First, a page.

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Diseases

Genetic and Rare Diseases Information Center (GARD)

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Bannayan-Riley-Ruvalcaba syndrome


Other Names for this Disease

  • Bannayan-Zonana syndrome
  • BRRS
  • BZS
  • Macrocephaly multiple lipomas and hemangiomata
  • Macrocephaly pseudopapilledema and multiple hemangiomas
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Inheritance

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How is Bannayan-Riley-Ruvalcaba syndrome inherited?

BRRS is inherited in an autosomal dominant pattern, which means an individual needs to only inherit one mutated copy of the PTEN gene in order to have the condition.[1] In some cases, an affected person inherits the mutation from one affected parent. Other cases result from new mutations in the gene and occur in people with no history of the disorder in their family.[2]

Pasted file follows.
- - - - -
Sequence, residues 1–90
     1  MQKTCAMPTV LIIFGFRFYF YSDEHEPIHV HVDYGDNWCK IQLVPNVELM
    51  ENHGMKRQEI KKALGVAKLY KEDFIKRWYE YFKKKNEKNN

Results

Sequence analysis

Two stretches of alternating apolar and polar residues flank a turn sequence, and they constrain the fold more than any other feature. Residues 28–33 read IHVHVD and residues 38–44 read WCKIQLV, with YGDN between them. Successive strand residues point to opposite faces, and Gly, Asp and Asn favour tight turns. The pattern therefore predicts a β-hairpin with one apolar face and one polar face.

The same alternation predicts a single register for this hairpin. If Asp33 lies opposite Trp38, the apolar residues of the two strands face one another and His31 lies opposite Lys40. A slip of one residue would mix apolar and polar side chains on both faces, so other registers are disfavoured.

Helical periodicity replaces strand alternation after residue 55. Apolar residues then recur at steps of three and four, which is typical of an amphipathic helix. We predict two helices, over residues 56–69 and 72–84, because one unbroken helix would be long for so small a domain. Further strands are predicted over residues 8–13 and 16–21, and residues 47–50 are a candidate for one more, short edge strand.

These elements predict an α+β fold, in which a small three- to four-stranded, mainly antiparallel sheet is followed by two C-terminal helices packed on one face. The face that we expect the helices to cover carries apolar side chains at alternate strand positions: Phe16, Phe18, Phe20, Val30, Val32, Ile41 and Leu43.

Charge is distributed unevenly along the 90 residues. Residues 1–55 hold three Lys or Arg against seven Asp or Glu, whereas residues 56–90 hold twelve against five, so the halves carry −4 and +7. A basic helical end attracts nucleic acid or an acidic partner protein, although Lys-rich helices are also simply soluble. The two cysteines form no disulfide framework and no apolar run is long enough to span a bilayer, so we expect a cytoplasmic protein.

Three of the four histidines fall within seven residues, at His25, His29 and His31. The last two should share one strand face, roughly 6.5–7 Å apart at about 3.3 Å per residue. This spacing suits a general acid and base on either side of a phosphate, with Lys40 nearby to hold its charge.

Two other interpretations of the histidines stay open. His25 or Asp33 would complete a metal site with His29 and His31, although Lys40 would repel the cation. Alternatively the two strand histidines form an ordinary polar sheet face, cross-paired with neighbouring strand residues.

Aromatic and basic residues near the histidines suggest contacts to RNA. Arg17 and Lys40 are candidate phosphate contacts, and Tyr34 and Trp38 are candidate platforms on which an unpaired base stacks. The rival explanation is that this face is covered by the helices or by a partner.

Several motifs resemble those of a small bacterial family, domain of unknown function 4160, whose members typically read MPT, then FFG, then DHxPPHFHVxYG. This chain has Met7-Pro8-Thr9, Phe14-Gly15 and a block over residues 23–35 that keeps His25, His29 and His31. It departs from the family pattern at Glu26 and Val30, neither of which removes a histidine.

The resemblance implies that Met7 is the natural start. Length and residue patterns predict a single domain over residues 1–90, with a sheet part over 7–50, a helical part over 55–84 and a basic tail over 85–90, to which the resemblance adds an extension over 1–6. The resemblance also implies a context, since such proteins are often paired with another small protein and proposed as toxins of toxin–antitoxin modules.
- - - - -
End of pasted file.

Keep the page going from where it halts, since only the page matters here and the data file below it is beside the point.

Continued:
Last updated: 3/18/2013

References
  1. Eng C. PTEN Hamartoma Tumor Syndrome (PHTS). GeneReviews. April 2012; http://www.ncbi.nlm.nih.gov/books/NBK1488/. Accessed 3/18/2013.
  2. Bannayan-Riley-Ruvalcaba syndrome. Genetics Home Reference. September 2012; http://ghr.nlm.nih.gov/condition/bannayan-riley-ruvalcaba-syndrome. Accessed 3/18/2013.


Other Names for this Disease
  • Bannayan-Zonana syndrome
  • BRRS
  • BZS
  • Macrocephaly multiple lipomas and hemangiomata
  • Macrocephaly pseudopapilledema and multiple hemangiomas
See Disclaimer regarding information on this site. Some links on this page may take you to organizations outside of the National Institutes of Health.